Moshe Cohen tells Father Gutierrez he selected the Roman Catholic Church to investigate the dig because it is the most formidable of the Christian confessions, but the film wouldn’t have had a plot if he’d gone to the mainline Protestant denominations, whose revisionism might have answered that the body is irrelevant; only the spirit is raised. The film recognizes that it is historic Christianity of which an “unrisen Christ” would spell “the end”, not each of its various revised and amended versions. What was at stake, as far as Father Gutierrez was concerned, was whether or not Jesus Christ was God. Implicit in that concern is that historic Christianity insists that to be the case. One wouldn’t get that from many of the religious revisionists. This recognition in Father Gutierrez’ constant confession that Jesus Christ is God is the film’s most interesting and substantive element.
The film is further weakened by the usual religious shock sequences. There is a brief scene where the heroine kisses our hero the priest, and he seems to succumb for a moment. There are earlier moments as clues this will happen – when he stands as close to her as might a lover; had he been a construction worker, she would have slugged him or called for help. The sequence does not succeed in shocking, or even being interesting. It is merely bowing to the formulae of the current religious film genre, in which one would place films like Dogma, The Passover Plot, Stigmata, and Original Sin, where priests as presumably icons of the sacred, are cursed at, spit upon, or sexed up. The genre hasn’t come farther than the Exorcist, or perhaps a more interesting film Stranger Among Us.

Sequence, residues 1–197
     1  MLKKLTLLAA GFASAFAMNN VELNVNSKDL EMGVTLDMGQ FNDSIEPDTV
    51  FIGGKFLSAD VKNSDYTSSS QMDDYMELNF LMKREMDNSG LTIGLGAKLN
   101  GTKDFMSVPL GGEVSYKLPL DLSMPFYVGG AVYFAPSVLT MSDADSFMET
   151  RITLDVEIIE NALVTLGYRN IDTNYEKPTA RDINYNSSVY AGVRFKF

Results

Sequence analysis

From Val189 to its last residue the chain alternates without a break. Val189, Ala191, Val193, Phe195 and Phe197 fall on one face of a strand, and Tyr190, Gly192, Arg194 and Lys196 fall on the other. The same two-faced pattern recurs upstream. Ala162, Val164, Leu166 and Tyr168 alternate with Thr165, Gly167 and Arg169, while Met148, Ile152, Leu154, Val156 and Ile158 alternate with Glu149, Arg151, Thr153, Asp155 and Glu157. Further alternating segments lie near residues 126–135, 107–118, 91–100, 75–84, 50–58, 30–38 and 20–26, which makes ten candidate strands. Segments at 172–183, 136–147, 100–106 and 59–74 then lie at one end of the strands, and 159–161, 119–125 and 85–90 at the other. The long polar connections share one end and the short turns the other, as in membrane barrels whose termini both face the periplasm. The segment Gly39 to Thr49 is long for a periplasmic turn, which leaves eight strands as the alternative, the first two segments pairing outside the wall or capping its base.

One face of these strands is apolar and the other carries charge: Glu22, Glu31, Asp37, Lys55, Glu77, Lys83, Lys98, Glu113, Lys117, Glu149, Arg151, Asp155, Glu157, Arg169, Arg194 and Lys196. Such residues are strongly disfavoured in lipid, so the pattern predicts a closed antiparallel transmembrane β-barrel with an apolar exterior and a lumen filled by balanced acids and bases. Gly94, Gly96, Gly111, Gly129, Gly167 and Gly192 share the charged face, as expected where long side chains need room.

Incongruently Golban, among the closing scenes of the film expresses some faith in a quasi-Judaistic God. This warm fluff, if meant to leave the viewer all cuddly, succeeds only in undermining the heroine’s skeletal integrity of which the rest of the film took such great pains to convince us.
In light of these failings, relatively minor flaws include the complete absence of the Jerusalem Patriarchy of the Orthodox Church, which would at least have noticed such events. There were never enough guards around the tomb. The Romans had a whole legion or something like it there; Israel had two to four guys and sometimes none. And there were all the typical elements of a Vatican plot: secret diplomacy, cryptography, theft, cover-up, the vow of secrecy – enough for the paranoid right or for the suspicious left, but no one dared call it “conspiracy”. At best it was noted that a perceived Vatican coverup would weaken its standing. The question of conspiracy as Vatican policy was either presumed or ignored.
There are interesting parts – Father Gutierrez briefly arguing Talmudic hermeneutics with a venerable ‘Rebbi’, and being called Rabbi in return – it’s weird seeing a priest in a yarmulke; the stone-throwing fest by Orthodox Jews – they got in some really good shots; the economical use of pyrotechnics to terrorize a Palestinian shopkeeper – just enough to be scary in a “we were in your place and we can get to you” kind of way.
In all, Banderas does a decent job, until his attempts to be in-your-face at the Vatican with over-rated “You can’t handle the truth” remarks that wouldn’t even have earned him a burning during the Spanish Inquisition. The subject matter was interesting enough – an earthshaking archeological find – an explosion of religious and ethnic violence in a region where Judaism, Islam, and Christianity coexist. But the film descends into an anticlimactic couple of booms, a bit of scientific incompetence, and a vaguely fundamentalist conversion for its big statement.